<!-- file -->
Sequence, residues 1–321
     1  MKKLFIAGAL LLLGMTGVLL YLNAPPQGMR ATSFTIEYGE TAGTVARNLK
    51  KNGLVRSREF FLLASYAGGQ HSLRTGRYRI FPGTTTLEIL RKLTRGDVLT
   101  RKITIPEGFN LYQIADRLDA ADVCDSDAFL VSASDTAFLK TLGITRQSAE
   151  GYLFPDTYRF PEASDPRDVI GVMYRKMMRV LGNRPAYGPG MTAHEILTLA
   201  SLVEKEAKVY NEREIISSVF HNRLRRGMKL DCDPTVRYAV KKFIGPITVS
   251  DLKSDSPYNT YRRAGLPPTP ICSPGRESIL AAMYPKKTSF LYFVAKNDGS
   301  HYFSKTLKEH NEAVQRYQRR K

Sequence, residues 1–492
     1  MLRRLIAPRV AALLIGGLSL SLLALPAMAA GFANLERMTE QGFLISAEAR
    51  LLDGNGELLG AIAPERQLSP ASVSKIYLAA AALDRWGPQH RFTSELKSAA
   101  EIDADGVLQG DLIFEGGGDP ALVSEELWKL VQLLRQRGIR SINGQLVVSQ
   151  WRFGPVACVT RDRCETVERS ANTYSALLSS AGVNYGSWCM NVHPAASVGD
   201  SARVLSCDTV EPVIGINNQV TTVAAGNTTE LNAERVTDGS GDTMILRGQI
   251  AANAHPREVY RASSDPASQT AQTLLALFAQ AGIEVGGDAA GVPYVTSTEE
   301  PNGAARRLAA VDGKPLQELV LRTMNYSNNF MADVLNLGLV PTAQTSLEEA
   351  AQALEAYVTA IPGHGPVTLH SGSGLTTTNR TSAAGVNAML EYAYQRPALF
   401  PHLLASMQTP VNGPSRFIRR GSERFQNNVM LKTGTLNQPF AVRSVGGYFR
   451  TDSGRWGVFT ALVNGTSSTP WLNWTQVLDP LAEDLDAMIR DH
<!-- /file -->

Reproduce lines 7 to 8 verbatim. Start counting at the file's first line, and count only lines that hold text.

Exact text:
   251  DLKSDSPYNT YRRAGLPPTP ICSPGRESIL AAMYPKKTSF LYFVAKNDGS
   301  HYFSKTLKEH NEAVQRYQRR K